Did coming from a better financial background obligate the boy to rescue the rabbit?

And if so, was his rescue effort any less commendable because it was easy for him?

Those were some of the questions I asked.

Although Rabbit Rescuer was materially well off, choosing to be kind still required a certain amount of inconvenience & sacrifices.

I highlighted to the class that because the foundling was a living being, there were lots of follow up work to do.

First he had to walk back to school with the rabbit without any guarantee of whether a cat carrier was available.

Then when he got home, he had to confine the rabbit in his bathroom for observation before integrating the new comer to the rest of the household.

There were also the vet checks and rabbit food, beddings, cage etc to deal with.

I’ve not met many teenage boys who would go that length for a rabbit, regardless of family background.

After that episode, I became more conscious of whether I have in my thoughts or remarks also undermined the good deeds of those whom I perceived to have more advantages than the rest of us.

When someone quits her job to be a stay-at-home mom, do I say, “Of course she can. Her husband’s rich.”?

When a young person decides to pursue a lesser known path, do I say, “Of course he can. His parents can afford it.”?

When a primary school kid gets full marks in a test, do I say, “Of course she can. She has tuition.”?

And perhaps my compulsion to find reasons when something positive happens stems more from envy & cynicism, than from a genuine desire to learn or compliment.

Rabbit Rescuer taught me that when good happens, just rejoice. Don’t spoil it by asking why.

Fixing My Mouth to Fix My Life

12 May 2019

I love my dentist.

He’s about my age or maybe younger or older. We don’t interact long enough to know personal details.

He’ll explain what’s going on with my fillings, my wisdom teeth and gum health for someone of my vintage. He has no fancy products to recommend me but just good old cleaning and scaling, to be followed by diligent brushing and flossing at home.

He likes to tell every thing as it is. And before any panic sets in, he’ll say, “This is age. There’s nothing much you can do about it.”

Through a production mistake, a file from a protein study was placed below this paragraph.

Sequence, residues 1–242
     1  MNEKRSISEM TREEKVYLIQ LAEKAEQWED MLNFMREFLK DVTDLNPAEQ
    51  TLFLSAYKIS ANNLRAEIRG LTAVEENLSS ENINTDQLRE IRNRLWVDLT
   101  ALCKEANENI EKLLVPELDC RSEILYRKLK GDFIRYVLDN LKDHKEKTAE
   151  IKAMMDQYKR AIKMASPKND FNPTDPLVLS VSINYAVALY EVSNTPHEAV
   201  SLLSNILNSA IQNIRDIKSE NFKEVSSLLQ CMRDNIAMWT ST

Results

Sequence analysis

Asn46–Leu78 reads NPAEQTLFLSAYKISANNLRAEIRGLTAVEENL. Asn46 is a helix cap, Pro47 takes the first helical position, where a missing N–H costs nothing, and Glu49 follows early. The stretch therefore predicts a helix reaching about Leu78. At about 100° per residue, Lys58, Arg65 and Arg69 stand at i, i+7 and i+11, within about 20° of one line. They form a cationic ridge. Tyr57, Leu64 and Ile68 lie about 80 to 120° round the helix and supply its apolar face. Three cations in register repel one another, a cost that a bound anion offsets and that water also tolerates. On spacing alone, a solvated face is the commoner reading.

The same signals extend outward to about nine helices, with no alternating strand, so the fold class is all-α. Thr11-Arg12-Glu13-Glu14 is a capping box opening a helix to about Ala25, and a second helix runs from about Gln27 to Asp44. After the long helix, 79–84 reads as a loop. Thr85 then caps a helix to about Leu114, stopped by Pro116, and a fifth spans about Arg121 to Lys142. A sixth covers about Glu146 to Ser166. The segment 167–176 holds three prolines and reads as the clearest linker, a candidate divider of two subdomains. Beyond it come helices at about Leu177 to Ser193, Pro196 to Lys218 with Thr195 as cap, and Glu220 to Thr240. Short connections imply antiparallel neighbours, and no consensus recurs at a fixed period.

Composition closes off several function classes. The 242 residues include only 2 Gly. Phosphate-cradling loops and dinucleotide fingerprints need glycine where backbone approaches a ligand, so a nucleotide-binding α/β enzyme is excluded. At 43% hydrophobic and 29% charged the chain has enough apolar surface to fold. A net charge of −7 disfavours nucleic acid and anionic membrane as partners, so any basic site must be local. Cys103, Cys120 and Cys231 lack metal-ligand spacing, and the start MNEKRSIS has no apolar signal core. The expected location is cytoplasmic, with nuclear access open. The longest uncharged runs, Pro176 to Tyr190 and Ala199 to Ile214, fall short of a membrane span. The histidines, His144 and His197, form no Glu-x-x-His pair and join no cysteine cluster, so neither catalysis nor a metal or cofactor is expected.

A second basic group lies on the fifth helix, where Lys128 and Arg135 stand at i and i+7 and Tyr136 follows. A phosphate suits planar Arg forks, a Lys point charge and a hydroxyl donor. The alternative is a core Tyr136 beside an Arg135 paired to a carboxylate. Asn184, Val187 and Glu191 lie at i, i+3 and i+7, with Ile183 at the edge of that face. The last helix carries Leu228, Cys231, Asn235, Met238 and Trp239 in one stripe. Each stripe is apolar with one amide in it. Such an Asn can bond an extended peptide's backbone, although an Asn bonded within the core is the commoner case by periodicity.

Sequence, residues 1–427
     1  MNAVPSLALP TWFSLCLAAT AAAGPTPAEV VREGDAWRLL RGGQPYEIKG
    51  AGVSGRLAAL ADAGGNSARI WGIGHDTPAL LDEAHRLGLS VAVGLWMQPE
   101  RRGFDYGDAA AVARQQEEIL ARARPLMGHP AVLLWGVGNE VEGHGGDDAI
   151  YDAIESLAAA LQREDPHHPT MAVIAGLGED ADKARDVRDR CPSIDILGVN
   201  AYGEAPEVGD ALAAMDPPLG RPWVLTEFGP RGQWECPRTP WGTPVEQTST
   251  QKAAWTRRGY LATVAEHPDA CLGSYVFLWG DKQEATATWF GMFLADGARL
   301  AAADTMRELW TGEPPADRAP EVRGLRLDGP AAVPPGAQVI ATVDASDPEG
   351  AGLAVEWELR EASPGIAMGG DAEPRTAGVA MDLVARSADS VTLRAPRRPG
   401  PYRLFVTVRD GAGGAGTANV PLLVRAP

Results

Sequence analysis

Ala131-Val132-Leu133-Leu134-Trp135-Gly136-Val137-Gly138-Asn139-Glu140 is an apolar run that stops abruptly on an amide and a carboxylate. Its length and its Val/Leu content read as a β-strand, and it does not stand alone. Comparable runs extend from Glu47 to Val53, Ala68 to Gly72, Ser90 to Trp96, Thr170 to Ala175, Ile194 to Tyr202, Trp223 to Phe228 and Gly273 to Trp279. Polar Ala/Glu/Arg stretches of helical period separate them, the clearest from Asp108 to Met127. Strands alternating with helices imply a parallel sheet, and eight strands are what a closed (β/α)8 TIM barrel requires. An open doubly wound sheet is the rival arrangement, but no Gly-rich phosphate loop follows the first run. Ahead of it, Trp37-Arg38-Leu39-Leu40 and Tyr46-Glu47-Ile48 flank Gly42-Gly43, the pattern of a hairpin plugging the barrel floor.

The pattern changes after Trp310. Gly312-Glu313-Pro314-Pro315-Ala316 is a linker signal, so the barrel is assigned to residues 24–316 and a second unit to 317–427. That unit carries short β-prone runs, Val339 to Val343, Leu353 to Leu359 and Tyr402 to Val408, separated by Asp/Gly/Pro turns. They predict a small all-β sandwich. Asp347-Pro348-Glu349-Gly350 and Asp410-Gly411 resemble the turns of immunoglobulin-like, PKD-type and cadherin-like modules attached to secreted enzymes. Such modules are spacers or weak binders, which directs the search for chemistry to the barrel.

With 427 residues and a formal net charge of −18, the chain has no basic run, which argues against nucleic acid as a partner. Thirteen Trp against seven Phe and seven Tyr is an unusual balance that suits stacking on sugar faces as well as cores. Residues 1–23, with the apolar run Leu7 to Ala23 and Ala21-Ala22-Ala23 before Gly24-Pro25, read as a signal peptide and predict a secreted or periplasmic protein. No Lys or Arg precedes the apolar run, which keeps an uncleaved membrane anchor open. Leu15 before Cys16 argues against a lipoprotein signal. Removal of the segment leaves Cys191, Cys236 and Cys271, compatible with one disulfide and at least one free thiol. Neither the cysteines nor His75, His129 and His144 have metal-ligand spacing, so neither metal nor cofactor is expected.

“It’s happening to me too,” he’ll add with a beam, as if he’s just shared the secret to longevity with me.

However, if a patient insists on further treatment he’ll comply, but not before reminding her that all corrective improvements done at this point of our lives should have a larger purpose beyond the aesthetic.

Besides, there’s also our genetic predispositions to contend with. What works for others may not necessarily work for us.

The constant public exhortations on active aging with accompanying graphics of elderly folks attempting dramatic feats while inspiring, may also convey the idea that we have complete control over how we age. On top of that, the reality of degenerative issues brought on by aging are quickly glossed over with yet more promises of cures with anti-aging supplements, foods and lifestyle choices.

Everyone has a different path. Advice needs to be dispensed and taken responsibly.

I used to be easily intimidated by pharmacy ladies charging at me with offers of cream to remove my pigmentation spots. Against their uniformed complexion I became self conscious of my rather uneven facial colouring. I felt like a peasant woman surrounded by noble ladies even though I knew at the end of the work day most of us would be returning home to our HDB flats.

But when I realised that those spots on my face are indicators of my advancing years, exposure to the elements and health history, I started to see myself more clearly and more kindly. I became more interested in how hard my liver must be working instead of how flawless my skin should look.

So these days I wear my aging face like a badge of courage and smile appreciatively at the pharmacy staff ambushing in the aisles with their pots of promises.

In tracking my dental health, my dentist has shown me that being pain free and enjoying food is as important as looking good. And aging with all its ensuing uncertainties is actually very natural. What becomes unnatural is when we believe that we can remain youthful if we eat or apply the right things, hang out with the right folks and keep up with technology and other trends.

While we’re quick to praise the elderly for knowing how to scan & pay, we don’t give old folks enough credit for the wisdom & resourcefulness they may have accumulated from years of having survived sweeping changes to support our present success.

So next time when I meet an older person, I would try to ask what he or she knows & thinks, instead of what he or she can do.